by Julian Ruck
The search lights of accountability and scrutiny will always make Welsh Labour dive for the blacked out sanctuary of its pleasure cruisers bobbing up and down in Cardiff Bay. For 98 years Welsh Labour has been able to wallow in a take for granted mandate that enjoys the unchallenged absolutism of a House of Saud princeling.
Almost every day in Wales, some political scandal or other hits the Welsh headlines, be it financial, be it authoritarian or be it just plain blazing incompetence. Wales has one of the lowest performing economies in Europe, it’s education system is cheating its young folk on a grand scale and awarding them qualifications that would shame a Zimbabwean Sunday school class and not to mention that only this week the Wales Audit Office has announced that the Welsh government has blundered (yet again!) over its financial projections on reduced student fees resulting in its populist flagship now being nothing better than a clapped out rowing boat.
And of course, its health service is worse than England’s on a good day – which really is saying something!
And what does First Minister Carwyn Jones say at the September Labour conference? That he leads a government that is ‘a living, breathing example” of what the party can achieve in in power!! How on earth Ed kept a straight face on hearing this startlingly complacent, Chamberlain letter waving delusion and swansong of profound idiocy is utterly beyond the keyboard of this humble Uncut scribbler.
The question then is this: Can Ed rely on the historical Welsh Labour mandates of the past? Hegel remarked that ‘governments never learn from history, or act on principles derived from it.’ The lessons of Welsh political history would instruct Ed to take the Labour vote for granted in Wales thus proving Hegel wrong but since when, like economic forecasts, do philosophical meanderings always get things right?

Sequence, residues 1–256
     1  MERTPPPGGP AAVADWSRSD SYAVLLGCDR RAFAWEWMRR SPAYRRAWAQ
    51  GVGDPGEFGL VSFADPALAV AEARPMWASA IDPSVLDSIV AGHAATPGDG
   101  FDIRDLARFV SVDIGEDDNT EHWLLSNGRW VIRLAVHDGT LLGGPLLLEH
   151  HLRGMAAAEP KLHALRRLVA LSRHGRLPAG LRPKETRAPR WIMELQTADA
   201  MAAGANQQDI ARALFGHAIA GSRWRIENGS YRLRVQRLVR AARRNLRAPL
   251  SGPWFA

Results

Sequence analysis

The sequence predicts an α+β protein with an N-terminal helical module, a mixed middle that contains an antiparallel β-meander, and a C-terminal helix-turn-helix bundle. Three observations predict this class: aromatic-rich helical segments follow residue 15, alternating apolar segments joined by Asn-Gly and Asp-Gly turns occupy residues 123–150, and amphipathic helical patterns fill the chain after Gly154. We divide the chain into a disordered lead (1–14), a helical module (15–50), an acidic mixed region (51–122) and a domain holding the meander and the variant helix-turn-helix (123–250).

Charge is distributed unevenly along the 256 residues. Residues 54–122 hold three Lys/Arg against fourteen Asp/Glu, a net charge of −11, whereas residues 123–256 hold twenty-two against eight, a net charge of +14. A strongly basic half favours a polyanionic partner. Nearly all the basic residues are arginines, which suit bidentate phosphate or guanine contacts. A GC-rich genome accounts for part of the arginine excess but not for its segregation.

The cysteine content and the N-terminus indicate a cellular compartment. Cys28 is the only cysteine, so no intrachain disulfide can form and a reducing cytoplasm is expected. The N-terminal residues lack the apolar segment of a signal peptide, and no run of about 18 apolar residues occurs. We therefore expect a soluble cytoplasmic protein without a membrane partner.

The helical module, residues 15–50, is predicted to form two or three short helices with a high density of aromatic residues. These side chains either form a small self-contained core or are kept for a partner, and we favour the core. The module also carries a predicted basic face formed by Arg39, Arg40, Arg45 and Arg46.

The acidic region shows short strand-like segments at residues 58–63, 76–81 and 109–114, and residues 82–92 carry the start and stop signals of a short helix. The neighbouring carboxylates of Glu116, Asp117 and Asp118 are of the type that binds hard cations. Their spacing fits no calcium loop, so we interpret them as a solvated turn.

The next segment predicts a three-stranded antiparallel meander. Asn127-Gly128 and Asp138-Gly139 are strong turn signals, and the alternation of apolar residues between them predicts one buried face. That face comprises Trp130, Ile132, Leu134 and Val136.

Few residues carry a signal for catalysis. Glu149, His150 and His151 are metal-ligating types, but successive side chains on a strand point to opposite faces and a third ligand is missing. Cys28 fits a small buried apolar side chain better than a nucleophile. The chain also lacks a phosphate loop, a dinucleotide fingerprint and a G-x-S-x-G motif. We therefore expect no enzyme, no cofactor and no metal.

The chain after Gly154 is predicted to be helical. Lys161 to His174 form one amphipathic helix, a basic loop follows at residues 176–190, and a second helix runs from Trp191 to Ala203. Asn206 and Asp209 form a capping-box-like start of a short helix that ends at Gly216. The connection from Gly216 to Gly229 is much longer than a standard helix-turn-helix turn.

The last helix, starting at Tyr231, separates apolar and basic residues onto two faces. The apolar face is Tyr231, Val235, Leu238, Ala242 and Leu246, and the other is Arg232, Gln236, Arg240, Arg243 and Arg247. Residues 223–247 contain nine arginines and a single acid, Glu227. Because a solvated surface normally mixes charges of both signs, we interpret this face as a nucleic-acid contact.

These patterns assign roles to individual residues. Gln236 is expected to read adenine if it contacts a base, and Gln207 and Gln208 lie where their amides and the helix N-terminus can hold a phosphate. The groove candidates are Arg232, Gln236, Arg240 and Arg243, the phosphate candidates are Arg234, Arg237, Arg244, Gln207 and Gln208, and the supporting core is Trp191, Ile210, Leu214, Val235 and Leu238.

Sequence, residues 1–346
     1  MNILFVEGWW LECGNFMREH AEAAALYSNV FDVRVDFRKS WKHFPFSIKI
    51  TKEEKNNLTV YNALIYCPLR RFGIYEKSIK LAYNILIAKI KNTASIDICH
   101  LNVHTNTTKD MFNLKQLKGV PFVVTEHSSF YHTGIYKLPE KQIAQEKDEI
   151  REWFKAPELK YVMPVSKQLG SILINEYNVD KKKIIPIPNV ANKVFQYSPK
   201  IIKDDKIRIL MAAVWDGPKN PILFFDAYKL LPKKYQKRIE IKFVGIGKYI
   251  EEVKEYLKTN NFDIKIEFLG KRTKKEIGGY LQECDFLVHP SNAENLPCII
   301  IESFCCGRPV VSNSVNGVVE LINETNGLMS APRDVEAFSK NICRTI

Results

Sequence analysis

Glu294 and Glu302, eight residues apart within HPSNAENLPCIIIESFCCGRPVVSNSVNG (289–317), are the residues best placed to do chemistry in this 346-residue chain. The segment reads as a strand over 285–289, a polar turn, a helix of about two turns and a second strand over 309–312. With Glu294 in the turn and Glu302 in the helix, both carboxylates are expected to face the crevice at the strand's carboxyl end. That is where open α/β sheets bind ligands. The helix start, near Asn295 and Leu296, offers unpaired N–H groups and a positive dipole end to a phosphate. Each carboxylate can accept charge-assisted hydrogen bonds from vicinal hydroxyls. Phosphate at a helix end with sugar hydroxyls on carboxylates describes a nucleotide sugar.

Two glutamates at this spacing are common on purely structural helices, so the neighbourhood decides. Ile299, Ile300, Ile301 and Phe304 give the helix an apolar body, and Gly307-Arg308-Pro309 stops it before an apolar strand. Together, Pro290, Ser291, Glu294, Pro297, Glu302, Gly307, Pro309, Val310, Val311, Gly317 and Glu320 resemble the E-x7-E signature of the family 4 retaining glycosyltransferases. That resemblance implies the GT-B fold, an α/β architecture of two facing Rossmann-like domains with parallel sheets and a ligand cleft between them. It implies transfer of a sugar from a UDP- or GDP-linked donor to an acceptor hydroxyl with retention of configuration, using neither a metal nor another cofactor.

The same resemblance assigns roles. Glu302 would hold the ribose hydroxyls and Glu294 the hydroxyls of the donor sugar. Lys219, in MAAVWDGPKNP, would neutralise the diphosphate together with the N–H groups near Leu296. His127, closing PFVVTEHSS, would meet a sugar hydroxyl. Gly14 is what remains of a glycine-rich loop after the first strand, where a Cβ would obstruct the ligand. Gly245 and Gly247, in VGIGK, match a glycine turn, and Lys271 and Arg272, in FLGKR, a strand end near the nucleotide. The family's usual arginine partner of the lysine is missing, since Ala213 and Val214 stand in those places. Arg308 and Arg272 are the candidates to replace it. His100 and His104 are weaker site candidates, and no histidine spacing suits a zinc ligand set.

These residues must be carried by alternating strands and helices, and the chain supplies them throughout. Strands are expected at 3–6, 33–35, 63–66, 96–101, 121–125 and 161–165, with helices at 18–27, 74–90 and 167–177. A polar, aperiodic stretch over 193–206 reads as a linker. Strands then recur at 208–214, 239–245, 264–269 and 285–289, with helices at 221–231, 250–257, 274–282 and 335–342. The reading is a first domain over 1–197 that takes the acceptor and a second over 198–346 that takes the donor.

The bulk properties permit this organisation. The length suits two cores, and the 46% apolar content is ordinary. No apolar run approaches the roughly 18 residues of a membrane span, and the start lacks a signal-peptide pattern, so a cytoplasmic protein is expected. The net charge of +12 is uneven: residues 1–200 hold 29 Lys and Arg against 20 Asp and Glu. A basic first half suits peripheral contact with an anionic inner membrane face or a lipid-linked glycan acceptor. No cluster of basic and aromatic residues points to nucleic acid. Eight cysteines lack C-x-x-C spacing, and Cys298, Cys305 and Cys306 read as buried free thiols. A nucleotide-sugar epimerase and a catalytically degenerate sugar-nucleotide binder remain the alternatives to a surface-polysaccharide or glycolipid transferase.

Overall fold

There is a view that our young are politically indifferent. This may well be true up to a point, but they are still a force to be reckoned with – technological whizz and bangs notwithstanding – and cannot be ignored. Welsh Labour can no longer rely on the generational ‘My dad voted Labour so I’m going to do the same,’ or indeed the oft quoted ‘Stick a Labour donkey up in Swansea and it will still get the vote.’
There is a change and the Welsh are none too keen on the distinction between Westminster Labour and Cardiff Labour
It might not employ the ideological niceties of Labour activism and grass roots but many in the Welsh boozers, coffee shops, streets and even the sheep infested hills have had enough of Carwyn’s devolved divine right to ruin. I don’t hear much of UKIP deliverance, I don’t hear much of Tory/Liberal escalation but I often hear ‘That bloody Assembly should have a bomb dropped on it, with Labour in it!’
Where these voters will go I’m not so sure. I doubt it will be Plaid Cymru although firebrand Leanne Wood can turn a vote or two; there won’t be a sudden Tory/Liberal occupation but I am certain of one thing, the Welsh are moving more to the middle ground, the younger generation of voters are unmoved by the glory days of Gaitskell’s ‘fight, fight and fight again’ and like everyone else they are simply worried about who is going to sort out the economy and create some decent jobs.
And from what I hear, they sure as hell don’t believe Carwyn Jones is up to the challenge.
A Welsh coalition with Labour banished to a Snowdonian hinterland? Not perhaps as crazy as it sounds.
Reign in Carwyn’s Labour Ed, because he is losing you votes. Wales might be small but it still counts at the ballot box.
PS My grandmother was married to D L Mort MP now long gone, but I still remember her chants of ‘fight, fight and fight again!’ whilst she puffed on a fag and swigged a whisky or two. Reckoned Callaghan tried it on in a lift in the Savoy too! She was a good looking woman in her day, so who knows?
Julian Ruck is an author, journalist and columnist. He also makes contributions to both Welsh and national broadcasting and media.